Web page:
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the alpha x.
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In other words,
this law, what I'm saying
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really is that this law is
obviously, quote unquote,
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"true."
Okay, I'm not even going to put
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it in quotes.
It's obviously true for the
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operator, D, and the operator D
squared.
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In other words,
D of e to the alpha x equals
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alpha times e to the alpha x.
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D squared times e to the alpha
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x equals alpha squared times e
to the alpha x.
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And, therefore,
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it's true for linear
combinations of these as well by
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linearity.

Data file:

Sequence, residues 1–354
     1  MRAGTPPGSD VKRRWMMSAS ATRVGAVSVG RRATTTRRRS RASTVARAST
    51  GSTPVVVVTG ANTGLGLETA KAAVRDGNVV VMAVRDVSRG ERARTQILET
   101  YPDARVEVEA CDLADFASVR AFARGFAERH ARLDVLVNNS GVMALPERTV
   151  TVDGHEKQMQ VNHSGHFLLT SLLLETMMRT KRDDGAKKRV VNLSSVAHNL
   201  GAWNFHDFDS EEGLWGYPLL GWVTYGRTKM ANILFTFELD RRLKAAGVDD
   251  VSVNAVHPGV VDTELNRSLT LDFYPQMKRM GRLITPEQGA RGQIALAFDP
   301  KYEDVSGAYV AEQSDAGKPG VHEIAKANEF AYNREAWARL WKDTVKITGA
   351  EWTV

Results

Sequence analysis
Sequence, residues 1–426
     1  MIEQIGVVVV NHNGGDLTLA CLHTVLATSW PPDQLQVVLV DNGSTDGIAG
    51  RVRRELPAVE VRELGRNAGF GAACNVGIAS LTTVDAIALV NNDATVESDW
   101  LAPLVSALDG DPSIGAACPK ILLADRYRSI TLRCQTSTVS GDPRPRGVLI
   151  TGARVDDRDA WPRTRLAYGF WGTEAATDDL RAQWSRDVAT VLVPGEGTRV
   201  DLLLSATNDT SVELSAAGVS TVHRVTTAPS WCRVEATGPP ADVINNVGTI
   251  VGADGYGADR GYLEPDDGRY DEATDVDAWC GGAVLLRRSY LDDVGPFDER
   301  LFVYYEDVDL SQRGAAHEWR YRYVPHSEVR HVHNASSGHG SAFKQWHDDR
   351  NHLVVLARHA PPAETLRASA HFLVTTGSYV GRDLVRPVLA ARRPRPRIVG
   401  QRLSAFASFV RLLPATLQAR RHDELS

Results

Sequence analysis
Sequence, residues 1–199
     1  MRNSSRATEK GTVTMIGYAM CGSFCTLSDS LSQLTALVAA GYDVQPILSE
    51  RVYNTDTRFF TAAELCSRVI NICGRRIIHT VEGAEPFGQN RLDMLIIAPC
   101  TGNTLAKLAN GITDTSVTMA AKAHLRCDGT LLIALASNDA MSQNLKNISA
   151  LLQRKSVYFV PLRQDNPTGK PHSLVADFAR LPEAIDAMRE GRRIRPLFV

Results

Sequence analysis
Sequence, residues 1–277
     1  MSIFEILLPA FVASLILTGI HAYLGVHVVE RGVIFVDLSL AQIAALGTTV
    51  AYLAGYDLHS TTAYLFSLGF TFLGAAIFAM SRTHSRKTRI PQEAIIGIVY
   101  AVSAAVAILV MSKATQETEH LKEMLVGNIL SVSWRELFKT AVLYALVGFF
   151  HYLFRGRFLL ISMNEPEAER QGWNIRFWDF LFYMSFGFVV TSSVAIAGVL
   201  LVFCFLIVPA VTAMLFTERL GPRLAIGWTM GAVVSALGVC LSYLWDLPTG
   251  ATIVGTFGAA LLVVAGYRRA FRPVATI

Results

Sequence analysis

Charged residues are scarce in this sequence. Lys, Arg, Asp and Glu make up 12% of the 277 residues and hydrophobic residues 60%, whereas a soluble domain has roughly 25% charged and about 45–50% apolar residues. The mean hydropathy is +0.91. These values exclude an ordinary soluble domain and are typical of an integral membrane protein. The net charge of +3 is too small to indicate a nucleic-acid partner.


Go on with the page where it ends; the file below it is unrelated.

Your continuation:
So, therefore,
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also true for p of D.
And, in fact,
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so if you calculate it out,
what is it?
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This is alpha squared e to the
alpha x plus alpha e to the
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alpha x times the
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coefficient plus b times e to
the alpha x.
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00:10:00 --> 00:10:06
So, it's in fact exactly this.
It's e to the alpha x times
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(alpha squared plus A alpha plus
B).
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Now, how are we going to use
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this?
Well, the idea is very simple.
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Remember, we're trying to solve
this, I should have some
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consistent notation for these
equations.
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Purple, I think,
will be the right thing here.
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You are solving purple
equations.
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The formulas which will solve
them will be orange formulas,
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and we will see what we need as
we go along.
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So, I would like to just
formulate it,
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this solution,
the particular solution now.
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I'm going to call it a theorem.
It's really too simple to be a
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theorem.
On the other hand,
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it's too important not to be a
theorem.
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So, let's call it,